American Board of Internal Medicine (ABIM) has had a lot of, well, lets just say difficult press this year. There is one piece of news though that came out yesterday that should send a smile to any internal medicine physician practicing in the specialty of Hospice and Palliative Medicine and should resolve the debate that Alex Smith talked aboutone year ago in this GeriPal piece. What happened? ABIM announced that it will discontinue the requirement for maintaining underlying board certification (sorry Alex, I know you already paid)!
What does all this mean?
This means you will not have to take the re-certifying exam in Internal Medicine just so you can remain certified in Hospice and Palliative Medicine. While there are still some good reasons to re-certify in ones primary specialty like Internal Medicine (as summed in Alex’s article), there are plenty of reasons not to. Just the cost alone is reason to celebrate as Maintenance of Certification (MOC) program fees for Internal Medicine is $1,940 on top of the $2,560 you have to pay for Hospice and Palliative Medicine.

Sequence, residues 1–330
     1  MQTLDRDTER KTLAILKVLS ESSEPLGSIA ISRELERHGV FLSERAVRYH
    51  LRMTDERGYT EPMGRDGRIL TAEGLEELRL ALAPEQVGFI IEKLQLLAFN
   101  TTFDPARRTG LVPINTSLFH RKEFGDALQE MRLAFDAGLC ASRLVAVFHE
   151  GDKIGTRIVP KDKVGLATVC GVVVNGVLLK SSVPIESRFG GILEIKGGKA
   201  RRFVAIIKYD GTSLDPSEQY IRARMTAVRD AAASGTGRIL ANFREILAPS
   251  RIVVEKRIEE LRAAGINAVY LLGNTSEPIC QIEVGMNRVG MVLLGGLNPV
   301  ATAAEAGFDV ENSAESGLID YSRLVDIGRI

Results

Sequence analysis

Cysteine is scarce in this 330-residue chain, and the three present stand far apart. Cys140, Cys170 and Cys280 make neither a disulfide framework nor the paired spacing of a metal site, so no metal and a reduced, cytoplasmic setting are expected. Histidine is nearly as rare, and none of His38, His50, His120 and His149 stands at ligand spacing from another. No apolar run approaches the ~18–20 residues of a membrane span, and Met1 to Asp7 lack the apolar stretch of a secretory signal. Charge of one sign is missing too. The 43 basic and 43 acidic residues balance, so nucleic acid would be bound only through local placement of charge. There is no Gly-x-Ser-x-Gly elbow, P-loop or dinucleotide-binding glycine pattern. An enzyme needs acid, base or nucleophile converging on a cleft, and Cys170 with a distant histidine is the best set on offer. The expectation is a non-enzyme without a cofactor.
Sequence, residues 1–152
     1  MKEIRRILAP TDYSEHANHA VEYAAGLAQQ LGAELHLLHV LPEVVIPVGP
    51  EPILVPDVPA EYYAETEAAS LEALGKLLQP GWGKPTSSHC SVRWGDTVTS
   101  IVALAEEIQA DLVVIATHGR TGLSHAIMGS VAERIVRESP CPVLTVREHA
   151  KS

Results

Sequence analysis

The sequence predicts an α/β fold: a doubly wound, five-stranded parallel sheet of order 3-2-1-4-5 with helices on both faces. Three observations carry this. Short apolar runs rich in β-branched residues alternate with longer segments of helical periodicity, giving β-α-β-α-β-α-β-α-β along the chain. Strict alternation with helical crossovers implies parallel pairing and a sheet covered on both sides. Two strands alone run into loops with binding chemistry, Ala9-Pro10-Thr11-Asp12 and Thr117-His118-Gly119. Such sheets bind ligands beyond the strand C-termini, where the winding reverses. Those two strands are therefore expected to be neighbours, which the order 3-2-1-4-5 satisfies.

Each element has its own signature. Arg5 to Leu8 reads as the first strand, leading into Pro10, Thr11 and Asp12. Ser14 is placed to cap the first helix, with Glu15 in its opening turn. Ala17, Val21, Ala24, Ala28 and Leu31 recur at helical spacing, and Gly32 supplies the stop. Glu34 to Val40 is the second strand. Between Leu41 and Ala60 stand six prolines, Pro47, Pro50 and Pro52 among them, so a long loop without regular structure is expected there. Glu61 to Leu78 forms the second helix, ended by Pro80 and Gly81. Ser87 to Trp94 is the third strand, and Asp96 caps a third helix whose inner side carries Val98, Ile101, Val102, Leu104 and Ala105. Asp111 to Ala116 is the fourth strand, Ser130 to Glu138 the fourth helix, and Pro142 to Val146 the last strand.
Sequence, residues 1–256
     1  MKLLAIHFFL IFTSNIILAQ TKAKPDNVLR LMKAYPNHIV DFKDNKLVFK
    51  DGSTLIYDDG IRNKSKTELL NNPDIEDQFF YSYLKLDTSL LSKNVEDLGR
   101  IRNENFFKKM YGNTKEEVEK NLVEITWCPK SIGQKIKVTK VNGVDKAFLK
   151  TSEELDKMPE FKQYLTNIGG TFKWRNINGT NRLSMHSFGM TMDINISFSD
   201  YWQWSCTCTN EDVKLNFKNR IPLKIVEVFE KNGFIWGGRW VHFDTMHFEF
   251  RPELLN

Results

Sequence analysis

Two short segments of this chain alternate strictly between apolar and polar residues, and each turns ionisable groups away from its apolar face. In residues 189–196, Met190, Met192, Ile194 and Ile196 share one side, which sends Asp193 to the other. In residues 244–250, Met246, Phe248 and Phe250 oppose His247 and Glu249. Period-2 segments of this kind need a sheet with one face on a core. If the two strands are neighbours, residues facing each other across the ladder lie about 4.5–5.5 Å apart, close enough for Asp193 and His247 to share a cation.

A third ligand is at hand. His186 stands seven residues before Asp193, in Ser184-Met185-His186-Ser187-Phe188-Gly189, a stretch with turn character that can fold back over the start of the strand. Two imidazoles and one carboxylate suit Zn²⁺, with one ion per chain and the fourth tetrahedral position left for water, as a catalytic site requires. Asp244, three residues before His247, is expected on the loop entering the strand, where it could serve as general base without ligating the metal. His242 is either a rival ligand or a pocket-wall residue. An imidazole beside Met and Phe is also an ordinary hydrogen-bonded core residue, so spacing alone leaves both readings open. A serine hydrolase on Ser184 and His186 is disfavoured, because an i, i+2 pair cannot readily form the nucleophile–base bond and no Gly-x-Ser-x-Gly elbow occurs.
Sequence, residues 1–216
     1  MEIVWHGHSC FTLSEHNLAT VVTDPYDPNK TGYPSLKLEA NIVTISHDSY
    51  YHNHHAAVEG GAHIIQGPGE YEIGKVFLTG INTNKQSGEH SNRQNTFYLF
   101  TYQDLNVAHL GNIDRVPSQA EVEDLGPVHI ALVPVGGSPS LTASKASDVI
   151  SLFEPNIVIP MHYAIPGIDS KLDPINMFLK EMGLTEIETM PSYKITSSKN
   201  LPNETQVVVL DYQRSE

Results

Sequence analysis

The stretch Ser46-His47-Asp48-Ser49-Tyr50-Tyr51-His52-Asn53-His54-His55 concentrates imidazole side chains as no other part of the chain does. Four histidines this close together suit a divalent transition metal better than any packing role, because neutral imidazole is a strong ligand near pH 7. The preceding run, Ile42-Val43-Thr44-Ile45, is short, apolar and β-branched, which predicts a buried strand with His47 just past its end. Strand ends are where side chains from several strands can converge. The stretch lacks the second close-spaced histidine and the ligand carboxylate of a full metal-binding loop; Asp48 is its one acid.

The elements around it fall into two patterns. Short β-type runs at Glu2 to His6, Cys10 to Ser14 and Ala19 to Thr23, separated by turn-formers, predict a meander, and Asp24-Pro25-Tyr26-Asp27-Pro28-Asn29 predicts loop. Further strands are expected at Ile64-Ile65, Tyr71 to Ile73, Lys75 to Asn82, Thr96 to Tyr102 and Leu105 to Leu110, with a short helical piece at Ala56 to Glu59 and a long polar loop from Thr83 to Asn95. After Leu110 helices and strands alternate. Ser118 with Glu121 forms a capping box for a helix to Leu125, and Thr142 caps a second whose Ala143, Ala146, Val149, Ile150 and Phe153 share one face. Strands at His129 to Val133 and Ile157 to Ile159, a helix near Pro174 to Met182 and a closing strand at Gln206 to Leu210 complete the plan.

Who should we thank?
Given the hardships that ABIM has been under of late, I for one will be sending a quick thank you to the ABIM and its CEO, Richard Barron. I’d also like to acknowledge the work that the American Academy of Hospice and Palliative Medicine (AAHPM) staff and physician leaders (like Tara Friedman and Holly Yang) who have worked hard to advocate for this change and other workforce issues.
What about Family Medicine?
Sorry folks. One must maintain their primary certification by the ABFM to maintain certification in Hospice and Palliative Medicine (or any CAQ like Geriatrics for that matter.) Word on the street is that this is unlikely to change.
by: Eric Widera (@ewidera)